• This could be the perfect time to do an audit of your business’ current transactional and triggered emails. Fine comb the wording of each email in your list, and adapt and update where you feel it is necessary. Be sure that each and every one of your touchpoints are meaningful and relevant. Each message should speak to our current state of affairs and relay your values.

Evaluate the timing of your email sends

Most of our daily schedules have been upended. We are missing our daily commutes, regular meetings, early morning coffee, and are learning to adapt to working from home. 

Consumers are now focusing on online shopping and visiting their preferred social media channels more often. While this may make you think that marketing via social media needs to be your main focus right now, the truth is that email marketing remains the most effective tool for engaging and converting users, being seven times more effective at creating sales than the major social media outlets such as Facebook, Twitter, and LinkedIn put together. 

For this reason alone, email marketing needs to remain at the forefront of your efforts to generate sales from customers, and your success can really come down to how well you evaluate the timing of when your emails should be sent.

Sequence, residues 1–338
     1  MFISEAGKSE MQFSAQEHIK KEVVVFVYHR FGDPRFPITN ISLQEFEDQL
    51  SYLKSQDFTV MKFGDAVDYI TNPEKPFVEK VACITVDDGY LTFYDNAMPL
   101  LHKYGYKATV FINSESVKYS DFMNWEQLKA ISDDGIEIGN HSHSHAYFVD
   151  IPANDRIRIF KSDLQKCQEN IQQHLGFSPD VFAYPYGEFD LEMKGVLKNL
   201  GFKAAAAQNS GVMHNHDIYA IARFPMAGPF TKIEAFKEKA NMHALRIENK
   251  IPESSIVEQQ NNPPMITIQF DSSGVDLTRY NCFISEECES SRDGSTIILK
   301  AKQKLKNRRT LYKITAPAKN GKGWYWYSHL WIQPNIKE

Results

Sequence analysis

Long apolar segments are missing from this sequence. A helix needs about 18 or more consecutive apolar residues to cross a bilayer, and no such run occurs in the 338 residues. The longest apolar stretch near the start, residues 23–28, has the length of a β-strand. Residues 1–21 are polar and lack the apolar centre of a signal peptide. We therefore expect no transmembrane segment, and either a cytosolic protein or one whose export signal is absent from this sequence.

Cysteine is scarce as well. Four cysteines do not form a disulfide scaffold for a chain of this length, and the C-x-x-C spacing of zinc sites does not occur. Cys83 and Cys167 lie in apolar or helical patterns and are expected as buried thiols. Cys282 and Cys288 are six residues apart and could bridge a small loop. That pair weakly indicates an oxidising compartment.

You do not want your emails to end up in a spam folder due to not being opened, so it might be worth your while to do a limited amount of testing to gauge the ideal time for your emails to be sent. As your subscribers may now be home-bound, the optimal times may have changed significantly. Bear in mind that these schedules will have to be revisited once we return to our normal routines.

It might be worth your while to consider how the rising amounts of time spent at home can impact the usage of your product. If someone will need more or less of your product or even more or less of your usual services than usual due to the current lockdowns, try to determine how it might influence the timing around your follow-up. It is always a good idea to put replenishment triggers in place if you haven’t previously done so.

Communication and transparency go hand in hand

We’ve all had to inform our clients and customers of out of stock products or delivery delays after big promotions (think Black Friday). At this point in time, issues like these should be anticipated and planned for in advance. 

Be sure to convey this to your customers or clients upfront so that it does not catch them unawares. Remember that there is no perfect formula out there that can assist you to create the perfect email. Just be honest and authentic in your communication.

Where possible, communicate any known inventory or delivery issues on your created content e.g. paid advertisements as well as on your website to ensure your customers are informed beforehand. By giving your clients or customers a well-advised heads up, you are building loyalty and trust.

If you wait to inform your client or customer of any possible delays and other issues until after they’ve made their purchase, you may have won that single purchase, but the client or customer will have experienced a negative buying experience.